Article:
En manipulerende megler i et mulighetens vindu : oppskriften på en vellykket fredsprosess? : en komparativ casestudie av 25 år med norsk fredsdiplomatisk innsats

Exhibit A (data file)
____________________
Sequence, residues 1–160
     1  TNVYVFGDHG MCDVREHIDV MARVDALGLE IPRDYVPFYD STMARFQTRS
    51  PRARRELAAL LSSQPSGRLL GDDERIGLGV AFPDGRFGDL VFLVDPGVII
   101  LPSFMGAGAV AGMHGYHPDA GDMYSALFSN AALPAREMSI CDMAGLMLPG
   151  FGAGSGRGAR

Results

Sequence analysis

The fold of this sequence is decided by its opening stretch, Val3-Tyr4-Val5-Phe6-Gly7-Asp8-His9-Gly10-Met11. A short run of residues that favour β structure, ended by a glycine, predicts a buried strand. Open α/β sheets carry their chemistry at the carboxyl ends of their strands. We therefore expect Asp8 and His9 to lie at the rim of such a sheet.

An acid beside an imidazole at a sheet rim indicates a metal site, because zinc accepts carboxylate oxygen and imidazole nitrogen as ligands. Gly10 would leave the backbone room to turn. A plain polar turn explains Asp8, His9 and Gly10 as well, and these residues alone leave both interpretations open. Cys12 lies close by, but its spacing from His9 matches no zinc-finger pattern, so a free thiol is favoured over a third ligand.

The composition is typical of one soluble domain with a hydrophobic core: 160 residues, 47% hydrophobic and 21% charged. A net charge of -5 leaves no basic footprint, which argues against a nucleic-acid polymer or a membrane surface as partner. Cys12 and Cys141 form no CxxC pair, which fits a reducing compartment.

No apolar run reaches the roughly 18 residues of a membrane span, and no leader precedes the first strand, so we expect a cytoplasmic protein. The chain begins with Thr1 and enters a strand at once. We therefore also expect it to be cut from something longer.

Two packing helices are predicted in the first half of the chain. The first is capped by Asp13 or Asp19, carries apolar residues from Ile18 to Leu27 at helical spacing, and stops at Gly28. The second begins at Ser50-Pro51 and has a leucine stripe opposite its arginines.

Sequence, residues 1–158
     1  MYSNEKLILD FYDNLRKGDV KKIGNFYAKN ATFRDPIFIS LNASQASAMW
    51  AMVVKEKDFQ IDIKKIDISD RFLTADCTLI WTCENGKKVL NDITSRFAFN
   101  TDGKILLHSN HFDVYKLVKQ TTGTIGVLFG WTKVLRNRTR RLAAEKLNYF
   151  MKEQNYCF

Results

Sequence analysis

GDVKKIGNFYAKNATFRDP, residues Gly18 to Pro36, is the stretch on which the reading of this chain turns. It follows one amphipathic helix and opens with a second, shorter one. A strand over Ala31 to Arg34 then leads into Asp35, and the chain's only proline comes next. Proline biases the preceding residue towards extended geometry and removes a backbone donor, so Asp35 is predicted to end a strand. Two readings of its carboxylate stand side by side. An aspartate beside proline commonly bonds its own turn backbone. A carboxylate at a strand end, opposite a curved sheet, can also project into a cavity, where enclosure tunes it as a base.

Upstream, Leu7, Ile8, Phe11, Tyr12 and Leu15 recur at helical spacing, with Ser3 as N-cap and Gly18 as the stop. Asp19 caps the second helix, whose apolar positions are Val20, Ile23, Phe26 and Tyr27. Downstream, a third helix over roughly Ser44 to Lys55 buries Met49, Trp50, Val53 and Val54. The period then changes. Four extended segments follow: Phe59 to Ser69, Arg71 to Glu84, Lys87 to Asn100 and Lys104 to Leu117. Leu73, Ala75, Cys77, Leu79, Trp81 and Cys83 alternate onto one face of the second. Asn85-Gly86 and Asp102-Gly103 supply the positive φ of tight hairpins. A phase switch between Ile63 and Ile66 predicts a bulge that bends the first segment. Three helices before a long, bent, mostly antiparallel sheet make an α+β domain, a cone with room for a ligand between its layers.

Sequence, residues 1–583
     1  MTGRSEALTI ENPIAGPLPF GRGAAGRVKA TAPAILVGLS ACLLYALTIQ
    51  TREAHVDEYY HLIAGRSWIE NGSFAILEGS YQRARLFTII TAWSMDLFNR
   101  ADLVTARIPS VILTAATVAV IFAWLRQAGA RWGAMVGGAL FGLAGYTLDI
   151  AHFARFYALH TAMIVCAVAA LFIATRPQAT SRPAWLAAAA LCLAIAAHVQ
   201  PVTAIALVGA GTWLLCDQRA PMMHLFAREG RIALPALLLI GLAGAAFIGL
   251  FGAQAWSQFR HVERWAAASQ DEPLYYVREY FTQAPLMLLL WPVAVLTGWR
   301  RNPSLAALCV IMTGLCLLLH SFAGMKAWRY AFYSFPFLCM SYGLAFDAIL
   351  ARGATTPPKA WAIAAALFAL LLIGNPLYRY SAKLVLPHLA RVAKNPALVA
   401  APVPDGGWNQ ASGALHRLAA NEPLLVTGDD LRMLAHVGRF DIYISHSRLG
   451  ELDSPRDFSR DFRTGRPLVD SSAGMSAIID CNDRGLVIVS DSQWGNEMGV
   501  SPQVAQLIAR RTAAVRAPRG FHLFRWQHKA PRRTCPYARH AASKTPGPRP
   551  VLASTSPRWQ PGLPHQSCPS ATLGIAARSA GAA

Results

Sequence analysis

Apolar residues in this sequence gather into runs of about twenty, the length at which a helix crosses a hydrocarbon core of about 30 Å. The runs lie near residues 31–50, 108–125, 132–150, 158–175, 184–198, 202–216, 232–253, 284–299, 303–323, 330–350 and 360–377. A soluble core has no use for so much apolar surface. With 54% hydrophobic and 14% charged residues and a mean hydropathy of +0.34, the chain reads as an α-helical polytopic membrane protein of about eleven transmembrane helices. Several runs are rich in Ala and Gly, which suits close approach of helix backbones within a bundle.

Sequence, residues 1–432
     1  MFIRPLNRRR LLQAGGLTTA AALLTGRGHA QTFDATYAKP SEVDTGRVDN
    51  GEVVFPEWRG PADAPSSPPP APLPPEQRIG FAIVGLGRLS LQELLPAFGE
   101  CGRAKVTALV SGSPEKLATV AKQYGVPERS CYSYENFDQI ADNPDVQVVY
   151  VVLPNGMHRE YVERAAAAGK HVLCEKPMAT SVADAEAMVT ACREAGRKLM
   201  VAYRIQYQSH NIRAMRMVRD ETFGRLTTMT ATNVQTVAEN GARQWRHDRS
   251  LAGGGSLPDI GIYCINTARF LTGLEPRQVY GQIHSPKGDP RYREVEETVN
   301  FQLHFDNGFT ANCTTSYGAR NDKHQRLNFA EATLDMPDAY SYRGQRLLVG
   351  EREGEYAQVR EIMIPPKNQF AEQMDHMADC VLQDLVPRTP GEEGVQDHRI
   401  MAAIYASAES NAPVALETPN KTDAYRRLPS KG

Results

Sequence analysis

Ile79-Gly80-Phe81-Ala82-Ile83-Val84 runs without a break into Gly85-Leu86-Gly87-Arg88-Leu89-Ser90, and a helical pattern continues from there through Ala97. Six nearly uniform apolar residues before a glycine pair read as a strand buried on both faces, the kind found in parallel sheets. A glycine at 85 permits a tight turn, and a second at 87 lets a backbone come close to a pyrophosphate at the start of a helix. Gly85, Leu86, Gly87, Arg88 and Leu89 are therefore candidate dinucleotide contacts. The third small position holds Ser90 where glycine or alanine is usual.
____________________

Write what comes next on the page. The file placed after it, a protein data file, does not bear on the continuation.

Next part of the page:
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This thesis is based on the need for a critical view and evaluation of 25 years with Norwegian third party mediation efforts from the beginning of the 1990s until today. Since the end of the Cold War, peace and reconciliation has been considered an important part of Norwegian foreign policy. From the beginning of the 1990s Norway started investing considerable resources in peace negotiations in distant intrastate conflicts, primarily as a facilitator between conflicted parties. The peace negotiations in Guatemala, Sri Lanka and the Balkans are among peace processes where Norway has played a key role during the negotiations. Even if Norwegian diplomats tend to highlight Norway’s accomplishments in these efforts, a closer look at the results of 25 years of Norwegian peace diplomacy however shows that the efforts by Norway alone is not necessarily sufficient to reach the goal of a final peace agreement. If a successful peace process is defined as a process where the result of the negotiations is a permanent and durable peace agreement, the processes based on Norwegian efforts have a significant lack of successful cases. Based on the same definition of a successful negotiation process, the Norwegian mediation efforts in the peace negotiations in Guatemala and the Balkans are considered as two successful cases. Sri Lanka, on the other hand, represents an unsuccessful case. An awareness about Norway’s strengths and weaknesses in these peace efforts can help developing certain conditions that are necessary for more successful outcomes in prospective peace negotiations where Norway is planning on playing a significant role as facilitator. The aim of this thesis is to find a recipe for such successful peace negotiations with Norway representing the role as a third party. Norway can play an important role as a facilitator in the preliminary phases of the negotiations, but a mediators need for significant political leverage and political power in the final phases seems crucial for a successful outcome and a final peace agreement.